It's a somewhat bold claim, calling Jackson Hole the categorically best skiing available in the US (we're not entirely sure we believe it ourselves, in all honesty). Luckily, backing up our claim is none other than Forbes Magazine, which has ranked Jackson Hole as "the #1 Ski Area in the United States." One might say that Jackson Hole is great for a number of reasons, depending on who you ask. It might be the Four Seasons at the base of the hill. It might be the aerial tram, the epicness of which is only perhaps matched by the new peak-to-peak lift recently installed up a bit further north at Whistler-Blackcombe. For us, what makes Jackson Hole the best skiing in the good ol' U-S-and-A is the fact that its snowfall is nearly unmatched, and if you've got a taste for the steeper piste, there's simply no better place to go. The topography of Jackson Hole has created some of the most epically terrifying terrain known to two sticks, also known as "the Couloir." For the uninitiated, a Couloir is a steep, narrow gulch. The great thing about them? They often run out into picture-perfect, open bowls. The, err, tougher thing? They often involve dropping in — sometimes as far as 25-30 feet — into a shoot where turning your skis any direction other than straight down means you're going to become best friends (and worst enemies) with a rock face. But don't let that scare you — there's plenty of terrain at Jackson Hole for those without adrenaline disorders — so be sure to bring the kids along for this premier skiing. But just not on the hike up to Corbets Couloir.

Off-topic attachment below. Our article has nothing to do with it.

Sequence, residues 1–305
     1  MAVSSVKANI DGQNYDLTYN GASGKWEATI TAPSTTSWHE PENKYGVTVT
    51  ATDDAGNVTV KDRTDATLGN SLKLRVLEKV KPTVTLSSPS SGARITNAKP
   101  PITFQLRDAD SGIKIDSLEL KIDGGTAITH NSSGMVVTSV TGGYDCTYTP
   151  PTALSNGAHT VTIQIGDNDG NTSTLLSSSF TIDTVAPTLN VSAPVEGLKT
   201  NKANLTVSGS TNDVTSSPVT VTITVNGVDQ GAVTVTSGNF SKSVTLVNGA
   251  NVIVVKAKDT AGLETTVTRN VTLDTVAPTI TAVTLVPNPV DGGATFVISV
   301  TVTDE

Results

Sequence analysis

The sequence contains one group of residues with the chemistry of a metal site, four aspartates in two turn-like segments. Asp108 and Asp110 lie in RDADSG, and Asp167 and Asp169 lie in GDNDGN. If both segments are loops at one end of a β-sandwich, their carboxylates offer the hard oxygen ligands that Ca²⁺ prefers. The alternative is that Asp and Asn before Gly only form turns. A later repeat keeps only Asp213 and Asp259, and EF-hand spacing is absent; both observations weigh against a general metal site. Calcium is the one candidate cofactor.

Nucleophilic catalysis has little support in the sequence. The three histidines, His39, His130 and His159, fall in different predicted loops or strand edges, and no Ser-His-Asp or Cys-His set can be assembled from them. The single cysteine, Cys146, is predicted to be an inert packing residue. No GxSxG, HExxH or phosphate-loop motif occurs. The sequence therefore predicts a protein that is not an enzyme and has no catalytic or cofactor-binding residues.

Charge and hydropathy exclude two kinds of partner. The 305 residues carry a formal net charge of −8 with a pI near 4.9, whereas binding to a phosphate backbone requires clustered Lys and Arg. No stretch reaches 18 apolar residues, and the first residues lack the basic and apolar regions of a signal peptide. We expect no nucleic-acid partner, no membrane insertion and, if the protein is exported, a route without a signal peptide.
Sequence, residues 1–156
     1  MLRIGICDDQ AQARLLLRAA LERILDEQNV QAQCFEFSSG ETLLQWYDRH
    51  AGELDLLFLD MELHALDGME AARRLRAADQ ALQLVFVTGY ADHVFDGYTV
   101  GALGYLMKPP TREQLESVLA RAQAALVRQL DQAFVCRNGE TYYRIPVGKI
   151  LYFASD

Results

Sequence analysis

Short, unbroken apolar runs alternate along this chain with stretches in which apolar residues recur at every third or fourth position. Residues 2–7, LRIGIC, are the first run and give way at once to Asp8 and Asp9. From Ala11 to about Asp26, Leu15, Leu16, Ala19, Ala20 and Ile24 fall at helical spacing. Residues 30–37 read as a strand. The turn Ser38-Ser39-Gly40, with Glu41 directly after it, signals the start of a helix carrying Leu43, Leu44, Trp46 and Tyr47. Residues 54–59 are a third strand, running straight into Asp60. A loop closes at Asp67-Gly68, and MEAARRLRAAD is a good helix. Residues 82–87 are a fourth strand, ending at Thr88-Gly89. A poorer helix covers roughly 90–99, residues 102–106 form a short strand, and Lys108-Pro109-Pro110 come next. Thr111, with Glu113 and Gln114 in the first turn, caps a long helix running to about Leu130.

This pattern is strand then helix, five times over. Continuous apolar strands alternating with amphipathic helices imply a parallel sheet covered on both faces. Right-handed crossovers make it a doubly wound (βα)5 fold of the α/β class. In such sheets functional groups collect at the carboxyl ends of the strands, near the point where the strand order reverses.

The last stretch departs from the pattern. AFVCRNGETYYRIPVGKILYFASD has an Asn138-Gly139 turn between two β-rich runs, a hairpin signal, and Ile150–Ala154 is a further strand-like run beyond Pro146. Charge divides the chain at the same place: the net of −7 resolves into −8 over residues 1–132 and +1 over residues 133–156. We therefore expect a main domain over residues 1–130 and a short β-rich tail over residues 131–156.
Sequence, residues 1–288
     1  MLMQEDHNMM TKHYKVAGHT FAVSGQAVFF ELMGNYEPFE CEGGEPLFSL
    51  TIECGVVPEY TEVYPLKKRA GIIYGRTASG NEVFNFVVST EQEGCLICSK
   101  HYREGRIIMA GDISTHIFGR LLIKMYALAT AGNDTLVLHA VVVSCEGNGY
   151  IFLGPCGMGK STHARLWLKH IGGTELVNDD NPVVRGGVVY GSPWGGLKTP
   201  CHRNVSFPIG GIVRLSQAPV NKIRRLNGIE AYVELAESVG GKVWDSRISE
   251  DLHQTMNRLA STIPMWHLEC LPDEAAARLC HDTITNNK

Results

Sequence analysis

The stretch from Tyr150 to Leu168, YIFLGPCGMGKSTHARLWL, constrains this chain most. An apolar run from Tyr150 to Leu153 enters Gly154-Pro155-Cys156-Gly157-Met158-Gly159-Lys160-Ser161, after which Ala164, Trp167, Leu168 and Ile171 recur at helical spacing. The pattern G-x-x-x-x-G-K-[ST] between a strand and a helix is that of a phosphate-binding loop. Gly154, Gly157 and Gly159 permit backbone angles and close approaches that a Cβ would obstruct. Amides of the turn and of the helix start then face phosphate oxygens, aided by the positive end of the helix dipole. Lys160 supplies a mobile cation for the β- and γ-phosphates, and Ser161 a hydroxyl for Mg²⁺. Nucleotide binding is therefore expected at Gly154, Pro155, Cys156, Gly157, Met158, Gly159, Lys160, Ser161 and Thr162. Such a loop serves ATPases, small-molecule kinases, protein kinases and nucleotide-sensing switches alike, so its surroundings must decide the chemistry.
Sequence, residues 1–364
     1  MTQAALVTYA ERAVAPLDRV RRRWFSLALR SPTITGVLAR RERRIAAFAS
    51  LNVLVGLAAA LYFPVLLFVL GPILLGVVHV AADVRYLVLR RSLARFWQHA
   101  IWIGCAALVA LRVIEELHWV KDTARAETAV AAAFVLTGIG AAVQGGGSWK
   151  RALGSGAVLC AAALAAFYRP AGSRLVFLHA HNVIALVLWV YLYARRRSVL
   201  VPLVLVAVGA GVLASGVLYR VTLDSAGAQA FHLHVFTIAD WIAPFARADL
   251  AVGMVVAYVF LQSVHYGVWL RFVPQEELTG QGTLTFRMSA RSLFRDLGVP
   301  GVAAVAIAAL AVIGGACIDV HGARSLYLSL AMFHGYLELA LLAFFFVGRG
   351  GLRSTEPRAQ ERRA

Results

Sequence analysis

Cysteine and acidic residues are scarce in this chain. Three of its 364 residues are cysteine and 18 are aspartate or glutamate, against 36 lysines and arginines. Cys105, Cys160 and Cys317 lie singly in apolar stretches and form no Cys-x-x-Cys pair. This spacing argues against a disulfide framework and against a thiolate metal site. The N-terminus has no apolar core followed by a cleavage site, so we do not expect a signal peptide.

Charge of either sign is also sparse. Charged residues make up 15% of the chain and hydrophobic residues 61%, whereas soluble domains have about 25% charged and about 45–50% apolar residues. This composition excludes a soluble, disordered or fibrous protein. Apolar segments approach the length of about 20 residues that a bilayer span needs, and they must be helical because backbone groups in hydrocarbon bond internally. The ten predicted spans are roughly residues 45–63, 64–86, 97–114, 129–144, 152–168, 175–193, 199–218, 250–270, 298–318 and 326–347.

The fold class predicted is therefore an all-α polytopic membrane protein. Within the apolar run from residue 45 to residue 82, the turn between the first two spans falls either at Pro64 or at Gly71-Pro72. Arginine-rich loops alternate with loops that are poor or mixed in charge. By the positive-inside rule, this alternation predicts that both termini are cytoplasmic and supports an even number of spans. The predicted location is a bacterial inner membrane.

If you've been lucky enough to have skiied on both sides of the USA, it's hard to say that any one East Coast ski area can hold a candle to the size and snow quality you'll found out west (or up in the Great White North at the likes of Whistler). But we don't mean to sell East Coast skiing short, because if you look in the right places, you can find some fantastic runs, just a short ways (relatively) from Boston or New York City. We've chosen Vermont's Jay Peak resort as the place to be if you're looking to schralp the gnar out East. With by far and above the best snowfall you'll find on the East Coast (which is important on the sheer, usually ice-ridden runs that have always characterized skiing the East coast), Jay Peak will get you the best bang for your buck if you're a New Englander looking for some challenging terrain without shelling out for the likes of both a lift and a plane ticket to Jackson Hole or Vail.